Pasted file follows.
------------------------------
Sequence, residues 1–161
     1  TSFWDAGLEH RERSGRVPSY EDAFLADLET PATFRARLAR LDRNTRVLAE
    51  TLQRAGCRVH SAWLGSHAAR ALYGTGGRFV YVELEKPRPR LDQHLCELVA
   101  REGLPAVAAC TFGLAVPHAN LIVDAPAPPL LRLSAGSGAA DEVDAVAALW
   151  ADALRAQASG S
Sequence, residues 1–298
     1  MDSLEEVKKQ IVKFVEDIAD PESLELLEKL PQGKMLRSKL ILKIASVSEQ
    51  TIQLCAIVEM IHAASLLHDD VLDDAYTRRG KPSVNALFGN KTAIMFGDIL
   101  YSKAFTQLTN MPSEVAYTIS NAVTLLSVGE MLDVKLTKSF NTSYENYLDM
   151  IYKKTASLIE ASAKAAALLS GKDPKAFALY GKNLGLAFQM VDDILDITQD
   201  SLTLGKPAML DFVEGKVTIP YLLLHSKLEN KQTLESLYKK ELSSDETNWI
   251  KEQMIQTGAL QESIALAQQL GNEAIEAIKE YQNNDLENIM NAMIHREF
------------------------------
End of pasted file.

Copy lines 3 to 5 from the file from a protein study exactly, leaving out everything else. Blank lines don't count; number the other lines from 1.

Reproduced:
    51  TLQRAGCRVH SAWLGSHAAR ALYGTGGRFV YVELEKPRPR LDQHLCELVA
   101  REGLPAVAAC TFGLAVPHAN LIVDAPAPPL LRLSAGSGAA DEVDAVAALW
   151  ADALRAQASG S